To ensure you are squeezing the most out of your time in the pool here are a few advanced tips for improving your Front Crawl technique.
In the water
- When improving your Front Crawl technique aim to keep your body position as flat as you can to be streamlined in the water with a slight slope down to the hips to keep the leg kick underwater
- Try to keep your stomach flat and level to support your lower back.
- With eyes looking forward and down, your head should be in line with the body and the water level should come between your eyebrows and hairline.
- Try to keep your head and spine as still and relaxed as possible. Instead, rotate your hips and shoulders to generate momentum through the water. Your head should only join the rotation when you want to breathe
- Your shoulder should come out of the water as your arm exits while the other begins the propulsive phase under the water.
- The hips should not rotate as much as the shoulders.
- Keep your elbow slightly bent as you reach your hand in front of your body to enter the water.
- Entry should be between the centre line of the head and the shoulder line and the hand should be directed with the palm facing down and out so the thumb first enters the water first.
- Don’t start pulling back as soon as your hand is in the water – you should give yourself room to reach forward under the water before you start to bring your hand back to the body.
- After entering the water, the arm should perform a three-sweep motion.
- With your elbow slightly bent, sweep forward, then back towards the centre of the body, then out towards the thighs – imitating an hour glass shape.
- Maximise the efficiency of your stroke by completing the whole arm action and not bringing you arm out of the water before it reaches your leg.
- Your legs should be close together with ankles relaxed and in a continuous motion.
- There’s no need to take large down and upbeats – a steady, small motion is fine. While the most pressure should be on your feet, remember to move your whole legs.
- Try to keep your legs straight as possible. There should be a slight knee bend between the end of the upbeat and beginning of the downbeat but generally the straighter your legs, the more efficient and powerful the kick.
- The more kicks per cycle, the more energy you will use. Sprint swimmers will typically use six or eight kicks for a cycle but someone swimming longer distance should use fewer, more pronounced kicks.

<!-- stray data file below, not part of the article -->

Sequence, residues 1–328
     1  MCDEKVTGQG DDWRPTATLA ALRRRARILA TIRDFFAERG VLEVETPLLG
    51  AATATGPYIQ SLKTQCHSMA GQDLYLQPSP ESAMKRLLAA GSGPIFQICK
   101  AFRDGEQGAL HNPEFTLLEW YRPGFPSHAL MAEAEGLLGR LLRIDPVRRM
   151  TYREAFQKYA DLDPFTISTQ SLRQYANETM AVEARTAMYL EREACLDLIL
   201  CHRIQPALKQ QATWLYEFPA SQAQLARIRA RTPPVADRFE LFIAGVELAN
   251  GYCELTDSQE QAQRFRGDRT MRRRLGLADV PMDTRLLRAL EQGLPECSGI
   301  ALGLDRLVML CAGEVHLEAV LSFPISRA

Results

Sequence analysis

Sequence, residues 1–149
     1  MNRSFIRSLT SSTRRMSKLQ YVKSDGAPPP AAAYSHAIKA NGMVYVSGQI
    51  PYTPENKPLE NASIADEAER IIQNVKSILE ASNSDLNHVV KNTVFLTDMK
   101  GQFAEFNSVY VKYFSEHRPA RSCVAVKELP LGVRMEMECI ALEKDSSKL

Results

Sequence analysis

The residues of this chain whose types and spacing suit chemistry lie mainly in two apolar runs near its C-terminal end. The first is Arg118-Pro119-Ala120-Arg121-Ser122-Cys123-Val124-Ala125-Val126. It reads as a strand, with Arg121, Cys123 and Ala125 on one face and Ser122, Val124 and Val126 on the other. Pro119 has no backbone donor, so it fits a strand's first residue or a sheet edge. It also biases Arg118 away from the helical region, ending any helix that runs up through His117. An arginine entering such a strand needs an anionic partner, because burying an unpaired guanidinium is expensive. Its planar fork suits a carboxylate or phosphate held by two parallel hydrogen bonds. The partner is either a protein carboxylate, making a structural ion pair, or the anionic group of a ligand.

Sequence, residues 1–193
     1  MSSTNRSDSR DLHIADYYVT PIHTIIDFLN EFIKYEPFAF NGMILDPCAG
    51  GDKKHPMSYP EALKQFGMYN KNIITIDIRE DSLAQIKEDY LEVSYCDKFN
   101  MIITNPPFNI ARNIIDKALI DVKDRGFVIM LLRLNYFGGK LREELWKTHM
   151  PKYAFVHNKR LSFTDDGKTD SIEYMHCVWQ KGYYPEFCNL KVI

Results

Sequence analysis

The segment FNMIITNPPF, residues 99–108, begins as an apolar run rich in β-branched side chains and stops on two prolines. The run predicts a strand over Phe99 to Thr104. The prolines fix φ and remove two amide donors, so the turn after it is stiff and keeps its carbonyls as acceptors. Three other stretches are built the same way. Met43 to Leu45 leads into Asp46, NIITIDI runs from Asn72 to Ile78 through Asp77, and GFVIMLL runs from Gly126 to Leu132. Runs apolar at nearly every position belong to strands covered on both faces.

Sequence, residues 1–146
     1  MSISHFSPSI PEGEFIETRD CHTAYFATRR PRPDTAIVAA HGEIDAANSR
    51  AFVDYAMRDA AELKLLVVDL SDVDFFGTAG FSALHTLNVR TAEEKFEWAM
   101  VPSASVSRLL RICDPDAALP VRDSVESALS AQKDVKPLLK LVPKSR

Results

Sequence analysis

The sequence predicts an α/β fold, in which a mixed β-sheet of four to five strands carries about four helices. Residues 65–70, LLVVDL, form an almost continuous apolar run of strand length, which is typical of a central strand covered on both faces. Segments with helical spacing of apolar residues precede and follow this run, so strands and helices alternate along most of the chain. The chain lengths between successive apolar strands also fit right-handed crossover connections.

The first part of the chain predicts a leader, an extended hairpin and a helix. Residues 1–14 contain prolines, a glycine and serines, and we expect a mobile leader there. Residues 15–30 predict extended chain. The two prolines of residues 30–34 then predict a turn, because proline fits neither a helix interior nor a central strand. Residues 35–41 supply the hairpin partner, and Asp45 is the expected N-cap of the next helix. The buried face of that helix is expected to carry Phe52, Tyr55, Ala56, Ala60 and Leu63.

- Try to keep your head turn as smooth as possible when you breathe. Your neck should remain smooth with your head and spine joining the rotation of the shoulders.
- One side of the face should remain in the water and you may want to stretch your mouth to one side to keep it clear.
- Try not to lift your head too much out of the water – the more your head raises, the more your feet and legs will sink in the water.
- After a sharp inhale, turn your face quickly and smoothly back into the water in time with the rotation of your shoulders.
- Exhalation takes place in the water when the head is back to a neutral position and can be gradual or explosive.
- The regularity of breathing is not set in stone – it is better to simply inhale when necessary. A standard technique is to breathe every three strokes, thus alternating the side which the head turns and maintaining balance through the stroke.
- When approaching the wall, your last two arm strokes should stop with your hands by your thighs.
- Take your body into a tuck position by bending at the hips and knees. Rotate around the horizontal axis in a somersault, throw your legs over your hips to the wall and open your knees as you plant your feet on the end of the wall.
- Powerfully straighten your legs to transfer the momentum away from the poolside.
- Push your arms in front of your head, squeezing the ears, with the hands one on top of each other and twist back to your front as you’re moving forward.
- Parallel to the water surface, use an alternating or dolphin leg kick under the water as the momentum from the push off slows down.
- Then start your arm action with your first arm starting while the body is still slightly submerged – this will help break your head to the surface.